DevOps encompasses engineering, business, and cultural practices. These practices should result in measurably more stable products that can be delivered quicker than more traditional methods.
Continuous Feedback & Improvement
A focus on feedback and improvement is a key aspect in DevOps practices. This cornerstone of DevOps should be practiced early on with development teams, and later with other teams related to a product. This is referred to as DevOps Kaizen.   
Monitoring the Metrics of DevOps
In order to continuously improve the organization, one must track how well it’s doing at its methods and processes by using metrics to monitor the processes. Some common metrics to track include number of new incidents, Mean Time to Detect (MTTD), Mean Time to Repair/Resolve (MTTR), [Lead time], deployment frequency, and other process metrics, like the use of an [Andon cord].
Actionable, intelligent Alerts
If alerts are reduntant, stateless, and have thresholds that must be continuously manually adjusted, they will cease to be useful and important. Instead, all alerts should be actionable, they should create a sense of urgency, and they should immediately alert the appropriate people. Ideally they also use some form of machine learning to adjust to spikes and troughs.
Continuous Integration, Build, Test, & Delivery
Also known as CI/CD because of how often both of these different systems are run in parallel. This is often what people imagine when they think “DevOps”, even though it’s more of a software development practice that’s been carried into DevOps.
See the Continuous Integration & Delivery page for more detail.
Automated release management
Immutable, version-controlled state
Immutability in DevOps refers to the idea that once we create something new, it should never be changed; instead, something new should replace it. In addition, each of these creations should be versioned, so we can easily manage them. This is an incredibly powerful paradigm that solves many old problems, such as unexpected errors from tiny changes over time, and simplifying upgrade, rollback, and failover.
A paper from 2002 explains why this is true, and why we should adopt this practice.
Automated provisioning of infrastructure
Using Infrastructure as Code, the provision of new infrastructure should happen automatically as it is needed. This helps drive down cost, gives the ability to scale with dynamic workloads, reduces human error, and speeds up development.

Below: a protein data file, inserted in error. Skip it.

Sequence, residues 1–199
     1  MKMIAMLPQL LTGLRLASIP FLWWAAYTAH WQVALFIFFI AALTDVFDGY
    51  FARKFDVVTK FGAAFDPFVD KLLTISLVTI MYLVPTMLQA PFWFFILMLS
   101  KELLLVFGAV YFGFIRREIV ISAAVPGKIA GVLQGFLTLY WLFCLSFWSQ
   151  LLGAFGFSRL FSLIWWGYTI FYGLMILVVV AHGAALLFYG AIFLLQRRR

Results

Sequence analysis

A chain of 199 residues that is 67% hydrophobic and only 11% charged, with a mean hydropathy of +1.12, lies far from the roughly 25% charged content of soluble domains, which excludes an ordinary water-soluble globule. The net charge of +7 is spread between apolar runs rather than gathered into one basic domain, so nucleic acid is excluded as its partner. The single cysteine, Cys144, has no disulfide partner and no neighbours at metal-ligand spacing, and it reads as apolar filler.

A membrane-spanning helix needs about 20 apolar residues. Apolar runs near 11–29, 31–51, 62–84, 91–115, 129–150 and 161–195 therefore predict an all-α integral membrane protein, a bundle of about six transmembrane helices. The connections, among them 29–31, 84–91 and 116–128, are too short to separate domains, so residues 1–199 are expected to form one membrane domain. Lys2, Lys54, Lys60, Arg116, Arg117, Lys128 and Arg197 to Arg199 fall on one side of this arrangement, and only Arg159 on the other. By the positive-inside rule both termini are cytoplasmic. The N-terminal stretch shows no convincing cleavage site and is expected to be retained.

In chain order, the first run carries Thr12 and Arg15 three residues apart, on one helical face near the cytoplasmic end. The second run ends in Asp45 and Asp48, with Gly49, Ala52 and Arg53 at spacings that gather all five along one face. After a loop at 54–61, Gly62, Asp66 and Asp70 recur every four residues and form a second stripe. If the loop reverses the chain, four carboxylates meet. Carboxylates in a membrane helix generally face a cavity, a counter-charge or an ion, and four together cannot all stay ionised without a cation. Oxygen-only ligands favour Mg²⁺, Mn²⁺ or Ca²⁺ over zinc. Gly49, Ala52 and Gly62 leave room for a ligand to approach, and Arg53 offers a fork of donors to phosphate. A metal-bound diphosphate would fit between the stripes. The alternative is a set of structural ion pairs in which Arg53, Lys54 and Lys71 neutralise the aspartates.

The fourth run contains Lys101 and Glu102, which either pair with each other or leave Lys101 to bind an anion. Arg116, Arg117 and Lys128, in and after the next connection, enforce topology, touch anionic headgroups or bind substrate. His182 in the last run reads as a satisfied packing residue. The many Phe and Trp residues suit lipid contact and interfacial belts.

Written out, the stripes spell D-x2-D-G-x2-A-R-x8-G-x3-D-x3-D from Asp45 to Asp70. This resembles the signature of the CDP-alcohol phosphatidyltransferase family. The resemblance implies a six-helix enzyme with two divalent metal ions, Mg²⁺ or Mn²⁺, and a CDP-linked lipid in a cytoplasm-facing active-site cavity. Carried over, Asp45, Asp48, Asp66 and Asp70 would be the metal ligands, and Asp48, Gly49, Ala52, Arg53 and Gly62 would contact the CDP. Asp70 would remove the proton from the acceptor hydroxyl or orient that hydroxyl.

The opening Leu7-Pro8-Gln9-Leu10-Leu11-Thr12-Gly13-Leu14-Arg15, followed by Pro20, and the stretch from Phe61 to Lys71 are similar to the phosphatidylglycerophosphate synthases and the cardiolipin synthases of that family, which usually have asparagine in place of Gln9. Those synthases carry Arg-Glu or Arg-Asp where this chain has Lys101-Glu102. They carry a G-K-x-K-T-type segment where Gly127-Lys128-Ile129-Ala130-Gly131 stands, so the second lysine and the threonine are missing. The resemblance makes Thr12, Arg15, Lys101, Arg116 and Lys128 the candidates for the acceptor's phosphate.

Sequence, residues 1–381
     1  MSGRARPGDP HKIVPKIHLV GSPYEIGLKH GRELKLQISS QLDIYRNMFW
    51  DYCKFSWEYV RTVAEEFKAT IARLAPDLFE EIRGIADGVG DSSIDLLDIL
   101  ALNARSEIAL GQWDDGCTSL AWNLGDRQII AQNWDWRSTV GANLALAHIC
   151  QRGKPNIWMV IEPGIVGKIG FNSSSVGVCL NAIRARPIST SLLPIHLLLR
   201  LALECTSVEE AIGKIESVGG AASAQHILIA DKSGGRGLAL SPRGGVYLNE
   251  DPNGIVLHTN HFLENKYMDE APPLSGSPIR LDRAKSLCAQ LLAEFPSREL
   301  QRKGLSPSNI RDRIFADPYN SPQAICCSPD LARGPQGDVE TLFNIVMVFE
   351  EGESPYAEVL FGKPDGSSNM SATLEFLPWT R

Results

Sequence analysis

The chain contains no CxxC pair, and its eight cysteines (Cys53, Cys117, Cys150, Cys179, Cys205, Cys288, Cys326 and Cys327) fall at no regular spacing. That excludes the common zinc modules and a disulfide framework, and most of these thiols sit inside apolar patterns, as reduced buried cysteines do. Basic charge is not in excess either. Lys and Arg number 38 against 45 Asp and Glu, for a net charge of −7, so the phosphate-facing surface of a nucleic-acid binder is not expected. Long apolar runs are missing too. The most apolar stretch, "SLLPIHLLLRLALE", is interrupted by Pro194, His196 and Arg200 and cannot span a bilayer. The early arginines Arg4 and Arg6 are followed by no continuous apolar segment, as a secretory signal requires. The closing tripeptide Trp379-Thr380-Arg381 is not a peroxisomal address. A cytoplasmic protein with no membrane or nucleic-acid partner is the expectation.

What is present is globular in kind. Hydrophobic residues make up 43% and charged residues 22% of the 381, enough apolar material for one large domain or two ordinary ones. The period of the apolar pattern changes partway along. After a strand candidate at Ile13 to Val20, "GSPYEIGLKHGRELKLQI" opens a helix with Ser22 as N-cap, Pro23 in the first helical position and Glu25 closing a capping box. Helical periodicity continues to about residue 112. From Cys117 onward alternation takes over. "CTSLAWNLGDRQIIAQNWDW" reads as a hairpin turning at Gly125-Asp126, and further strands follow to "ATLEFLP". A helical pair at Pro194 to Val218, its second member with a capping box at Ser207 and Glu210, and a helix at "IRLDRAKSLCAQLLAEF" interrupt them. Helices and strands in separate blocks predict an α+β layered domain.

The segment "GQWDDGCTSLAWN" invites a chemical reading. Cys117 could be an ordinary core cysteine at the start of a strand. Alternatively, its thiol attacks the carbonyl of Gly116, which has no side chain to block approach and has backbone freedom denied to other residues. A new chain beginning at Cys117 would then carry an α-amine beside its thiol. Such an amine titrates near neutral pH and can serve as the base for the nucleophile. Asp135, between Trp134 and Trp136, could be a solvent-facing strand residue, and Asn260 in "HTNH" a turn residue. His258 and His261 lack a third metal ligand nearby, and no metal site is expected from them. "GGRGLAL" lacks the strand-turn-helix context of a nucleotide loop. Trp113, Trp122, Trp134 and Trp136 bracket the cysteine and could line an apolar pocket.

Whenever possible, if multiple people or products use a particular kind of environment, they should be congruent (meaning always the same). For example, it should be possible to test and deploy new products directly into the environment used for production services. Another example is enabling everyone to use the exact same development environment, with the same tools, versions, and infrastructure. This congruence reduces conflicts over incompatibility, and speeds development.
In order to run services properly, DevOps has a series of typical requirements for production services.
Whenever possible, users (such as developers) should be able to build and control much of the system themselves. This often includes being able to stand up new infrastructure, build new deployment pipelines, and view monitoring and metrics of running services.
Agile software development
As DevOps members develop their own software and products, they should ideally follow Agile methods. Frequent integration, testing, and deployment of code will result in faster, less error-prone software.
“Organisations who think DevOps is about automating the Ops tasks just end up “slinging shit quicker”. If you don’t sort out the real problems in your system, you’re basically just making localised optimisations. There’s just no point. If your problem is that your software is hard to run, scale, operate and maintain - don’t try to automate your deployments.”